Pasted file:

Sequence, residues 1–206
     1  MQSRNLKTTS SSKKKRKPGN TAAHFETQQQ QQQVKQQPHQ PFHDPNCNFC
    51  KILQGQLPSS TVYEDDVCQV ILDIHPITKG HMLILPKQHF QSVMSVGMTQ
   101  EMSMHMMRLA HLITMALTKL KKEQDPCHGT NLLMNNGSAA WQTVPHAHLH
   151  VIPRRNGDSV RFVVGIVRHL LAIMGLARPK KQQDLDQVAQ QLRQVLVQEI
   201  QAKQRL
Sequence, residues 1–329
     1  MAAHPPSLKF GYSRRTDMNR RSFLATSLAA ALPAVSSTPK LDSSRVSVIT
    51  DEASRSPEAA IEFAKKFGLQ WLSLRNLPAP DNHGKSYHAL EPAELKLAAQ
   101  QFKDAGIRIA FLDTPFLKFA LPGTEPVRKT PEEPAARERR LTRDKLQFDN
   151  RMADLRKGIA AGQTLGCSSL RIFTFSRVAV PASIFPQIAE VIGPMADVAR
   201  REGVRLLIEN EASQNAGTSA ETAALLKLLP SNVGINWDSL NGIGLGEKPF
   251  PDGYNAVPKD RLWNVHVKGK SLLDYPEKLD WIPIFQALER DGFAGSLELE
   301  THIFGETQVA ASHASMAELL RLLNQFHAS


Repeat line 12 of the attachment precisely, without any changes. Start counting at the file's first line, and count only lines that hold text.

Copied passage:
   201  REGVRLLIEN EASQNAGTSA ETAALLKLLP SNVGINWDSL NGIGLGEKPF